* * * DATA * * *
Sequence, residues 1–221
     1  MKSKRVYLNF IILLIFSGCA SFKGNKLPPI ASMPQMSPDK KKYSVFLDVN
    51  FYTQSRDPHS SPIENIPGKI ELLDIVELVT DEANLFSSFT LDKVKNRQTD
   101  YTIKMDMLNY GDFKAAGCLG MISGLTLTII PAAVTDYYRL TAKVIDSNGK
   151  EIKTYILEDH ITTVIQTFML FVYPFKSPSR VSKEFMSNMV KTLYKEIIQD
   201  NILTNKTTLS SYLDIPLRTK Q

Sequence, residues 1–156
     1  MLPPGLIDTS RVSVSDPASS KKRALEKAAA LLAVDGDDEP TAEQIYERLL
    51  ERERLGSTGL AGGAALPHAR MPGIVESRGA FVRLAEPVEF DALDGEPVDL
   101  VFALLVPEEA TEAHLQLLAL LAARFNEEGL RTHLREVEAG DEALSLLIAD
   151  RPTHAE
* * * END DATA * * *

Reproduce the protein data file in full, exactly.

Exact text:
Sequence, residues 1–221
     1  MKSKRVYLNF IILLIFSGCA SFKGNKLPPI ASMPQMSPDK KKYSVFLDVN
    51  FYTQSRDPHS SPIENIPGKI ELLDIVELVT DEANLFSSFT LDKVKNRQTD
   101  YTIKMDMLNY GDFKAAGCLG MISGLTLTII PAAVTDYYRL TAKVIDSNGK
   151  EIKTYILEDH ITTVIQTFML FVYPFKSPSR VSKEFMSNMV KTLYKEIIQD
   201  NILTNKTTLS SYLDIPLRTK Q

Sequence, residues 1–156
     1  MLPPGLIDTS RVSVSDPASS KKRALEKAAA LLAVDGDDEP TAEQIYERLL
    51  ERERLGSTGL AGGAALPHAR MPGIVESRGA FVRLAEPVEF DALDGEPVDL
   101  VFALLVPEEA TEAHLQLLAL LAARFNEEGL RTHLREVEAG DEALSLLIAD
   151  RPTHAE